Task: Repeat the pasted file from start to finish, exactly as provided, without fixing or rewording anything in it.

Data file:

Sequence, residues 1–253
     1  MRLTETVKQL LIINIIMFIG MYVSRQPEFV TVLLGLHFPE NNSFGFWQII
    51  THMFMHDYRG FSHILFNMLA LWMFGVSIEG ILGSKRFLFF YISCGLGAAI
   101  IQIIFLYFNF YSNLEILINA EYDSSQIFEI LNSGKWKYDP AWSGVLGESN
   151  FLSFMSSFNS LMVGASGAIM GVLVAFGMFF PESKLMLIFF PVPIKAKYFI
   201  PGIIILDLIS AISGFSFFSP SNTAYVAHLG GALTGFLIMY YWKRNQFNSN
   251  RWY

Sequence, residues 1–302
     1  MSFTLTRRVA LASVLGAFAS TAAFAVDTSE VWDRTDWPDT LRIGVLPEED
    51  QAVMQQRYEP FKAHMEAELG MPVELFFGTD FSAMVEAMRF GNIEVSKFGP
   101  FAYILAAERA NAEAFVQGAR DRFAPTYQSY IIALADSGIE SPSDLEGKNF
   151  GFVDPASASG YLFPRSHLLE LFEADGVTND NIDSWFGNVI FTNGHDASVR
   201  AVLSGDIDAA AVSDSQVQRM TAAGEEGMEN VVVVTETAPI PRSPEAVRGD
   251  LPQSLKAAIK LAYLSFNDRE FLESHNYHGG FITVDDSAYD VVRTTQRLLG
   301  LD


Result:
Sequence, residues 1–253
     1  MRLTETVKQL LIINIIMFIG MYVSRQPEFV TVLLGLHFPE NNSFGFWQII
    51  THMFMHDYRG FSHILFNMLA LWMFGVSIEG ILGSKRFLFF YISCGLGAAI
   101  IQIIFLYFNF YSNLEILINA EYDSSQIFEI LNSGKWKYDP AWSGVLGESN
   151  FLSFMSSFNS LMVGASGAIM GVLVAFGMFF PESKLMLIFF PVPIKAKYFI
   201  PGIIILDLIS AISGFSFFSP SNTAYVAHLG GALTGFLIMY YWKRNQFNSN
   251  RWY

Sequence, residues 1–302
     1  MSFTLTRRVA LASVLGAFAS TAAFAVDTSE VWDRTDWPDT LRIGVLPEED
    51  QAVMQQRYEP FKAHMEAELG MPVELFFGTD FSAMVEAMRF GNIEVSKFGP
   101  FAYILAAERA NAEAFVQGAR DRFAPTYQSY IIALADSGIE SPSDLEGKNF
   151  GFVDPASASG YLFPRSHLLE LFEADGVTND NIDSWFGNVI FTNGHDASVR
   201  AVLSGDIDAA AVSDSQVQRM TAAGEEGMEN VVVVTETAPI PRSPEAVRGD
   251  LPQSLKAAIK LAYLSFNDRE FLESHNYHGG FITVDDSAYD VVRTTQRLLG
   301  LD